Four killed in Kabul mosque blast


Men inspect the site of a blast inside a mosque in Kabul, Afghanistan June 12, 2020.REUTERS/Mohammad Ismail
Men inspect the site of a blast inside a mosque in Kabul, Afghanistan June 12, 2020.REUTERS/Mohammad Ismail

by Editor NewsInAsia June 13, 2020 

June 13 (AFP) – Four people were killed after a blast ripped through a crowd during Friday prayers at a mosque in Kabul, Afghan officials said, in the latest attack on the city ahead of potential talks with insurgents.

“Based on our initial information, at around noon explosives placed inside the mosque detonated during Friday prayers,” interior ministry spokesman Tariq Arian said in a message to journalists.

A health ministry spokesman also confirmed the toll, saying the prayer leader and three worshippers were killed at the Sher Shah Suri mosque, while several others were wounded.

No group has claimed the attack, but the Taliban later condemned the bombing saying the insurgents considered the incident a “heinous crime”.

The bombing comes just over a week after an Islamic State-claimed attack killed two people, including a popular prayer leader, at a mosque on the edge of Kabul’s heavily fortified green zone.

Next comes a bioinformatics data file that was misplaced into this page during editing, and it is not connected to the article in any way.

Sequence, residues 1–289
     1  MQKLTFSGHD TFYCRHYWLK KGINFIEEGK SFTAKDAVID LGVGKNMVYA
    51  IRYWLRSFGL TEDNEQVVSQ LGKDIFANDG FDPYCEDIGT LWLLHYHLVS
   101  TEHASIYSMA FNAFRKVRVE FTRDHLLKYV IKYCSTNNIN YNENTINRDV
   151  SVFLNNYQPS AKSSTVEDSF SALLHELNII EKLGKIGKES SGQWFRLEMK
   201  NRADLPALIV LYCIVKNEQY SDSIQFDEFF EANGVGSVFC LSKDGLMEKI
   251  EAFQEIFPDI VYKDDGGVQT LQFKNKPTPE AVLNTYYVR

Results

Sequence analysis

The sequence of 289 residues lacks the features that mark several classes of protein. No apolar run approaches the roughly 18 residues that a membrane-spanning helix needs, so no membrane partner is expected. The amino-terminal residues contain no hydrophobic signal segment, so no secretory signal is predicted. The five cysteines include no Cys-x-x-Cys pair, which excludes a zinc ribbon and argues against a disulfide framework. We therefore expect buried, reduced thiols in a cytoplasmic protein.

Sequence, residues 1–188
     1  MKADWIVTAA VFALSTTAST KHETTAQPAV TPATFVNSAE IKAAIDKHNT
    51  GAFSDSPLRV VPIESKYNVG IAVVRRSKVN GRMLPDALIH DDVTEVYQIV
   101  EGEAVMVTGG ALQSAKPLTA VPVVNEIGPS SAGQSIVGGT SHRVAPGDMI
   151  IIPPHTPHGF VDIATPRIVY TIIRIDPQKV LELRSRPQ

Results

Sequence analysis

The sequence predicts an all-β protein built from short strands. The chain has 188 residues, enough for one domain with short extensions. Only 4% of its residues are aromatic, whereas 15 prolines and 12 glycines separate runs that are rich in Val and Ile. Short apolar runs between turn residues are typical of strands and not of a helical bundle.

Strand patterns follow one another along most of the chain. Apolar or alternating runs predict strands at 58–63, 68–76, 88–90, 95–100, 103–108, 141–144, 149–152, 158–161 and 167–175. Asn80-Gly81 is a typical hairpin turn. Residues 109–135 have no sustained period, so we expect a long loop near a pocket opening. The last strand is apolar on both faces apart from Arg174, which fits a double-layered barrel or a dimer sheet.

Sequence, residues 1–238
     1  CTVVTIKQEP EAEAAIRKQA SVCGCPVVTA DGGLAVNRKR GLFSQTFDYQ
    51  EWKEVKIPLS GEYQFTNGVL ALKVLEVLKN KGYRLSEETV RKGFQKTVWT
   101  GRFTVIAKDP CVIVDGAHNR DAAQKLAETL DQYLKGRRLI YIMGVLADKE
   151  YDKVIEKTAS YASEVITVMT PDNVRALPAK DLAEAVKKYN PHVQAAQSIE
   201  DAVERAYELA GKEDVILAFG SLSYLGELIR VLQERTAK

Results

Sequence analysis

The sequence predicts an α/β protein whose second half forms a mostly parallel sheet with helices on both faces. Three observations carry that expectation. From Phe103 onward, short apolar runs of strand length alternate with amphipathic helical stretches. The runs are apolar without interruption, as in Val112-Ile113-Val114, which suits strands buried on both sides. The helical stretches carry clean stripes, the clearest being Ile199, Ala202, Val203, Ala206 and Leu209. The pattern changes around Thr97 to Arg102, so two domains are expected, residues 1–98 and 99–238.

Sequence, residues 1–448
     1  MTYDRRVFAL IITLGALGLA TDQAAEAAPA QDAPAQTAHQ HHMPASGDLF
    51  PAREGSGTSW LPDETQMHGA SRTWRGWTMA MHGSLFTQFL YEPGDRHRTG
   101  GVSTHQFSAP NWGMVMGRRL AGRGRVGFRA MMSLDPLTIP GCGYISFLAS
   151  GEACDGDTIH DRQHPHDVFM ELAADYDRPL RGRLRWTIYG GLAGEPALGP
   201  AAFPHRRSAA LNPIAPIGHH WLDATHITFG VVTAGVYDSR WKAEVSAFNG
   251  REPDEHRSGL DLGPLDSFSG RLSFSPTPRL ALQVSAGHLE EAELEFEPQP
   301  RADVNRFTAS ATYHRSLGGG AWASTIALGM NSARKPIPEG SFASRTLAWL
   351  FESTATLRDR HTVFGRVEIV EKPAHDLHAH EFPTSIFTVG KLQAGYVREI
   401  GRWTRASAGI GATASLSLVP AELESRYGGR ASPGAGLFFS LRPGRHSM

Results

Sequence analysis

Afghanistan is juggling multiple crises, with the coronavirus rapidly spreading across the country and continuing violence even as the government and Taliban signal they are getting closer to sitting down for talks.

President Ashraf Ghani vowed Thursday to complete a Taliban prisoner release that is a key condition to the launch of peace talks with the insurgents.

Once the swap is done, the two sides have pledged to begin negotiations that could end nearly 19 years of war.

The Taliban have largely refrained from launching major attacks on Afghan cities since February, when they signed a deal with the US meant to pave the way for peace talks with the Kabul government.

A ceasefire during last month’s Eid al Fitr holidays also sparked hopes that the two sides may be getting closer to holding negotiations even as a recent uptick in fighting has tempered expectations.

The ceasefire was just the second observed in the country since the Taliban were toppled by a US invasion in 2001 following the September 11 attacks by Al-Qaeda, whose leader Osama bin Laden was sheltered by the regime.